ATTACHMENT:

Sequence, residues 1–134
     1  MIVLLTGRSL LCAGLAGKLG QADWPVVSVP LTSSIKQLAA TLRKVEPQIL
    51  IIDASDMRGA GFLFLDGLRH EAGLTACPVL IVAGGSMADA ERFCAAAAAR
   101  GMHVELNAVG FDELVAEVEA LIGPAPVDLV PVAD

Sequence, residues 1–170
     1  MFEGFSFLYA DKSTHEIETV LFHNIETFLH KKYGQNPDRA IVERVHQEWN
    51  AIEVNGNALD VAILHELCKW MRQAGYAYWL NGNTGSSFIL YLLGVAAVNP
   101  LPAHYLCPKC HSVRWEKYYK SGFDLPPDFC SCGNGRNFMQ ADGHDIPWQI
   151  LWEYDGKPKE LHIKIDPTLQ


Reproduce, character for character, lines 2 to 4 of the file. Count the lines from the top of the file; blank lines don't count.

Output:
     1  MIVLLTGRSL LCAGLAGKLG QADWPVVSVP LTSSIKQLAA TLRKVEPQIL
    51  IIDASDMRGA GFLFLDGLRH EAGLTACPVL IVAGGSMADA ERFCAAAAAR
   101  GMHVELNAVG FDELVAEVEA LIGPAPVDLV PVAD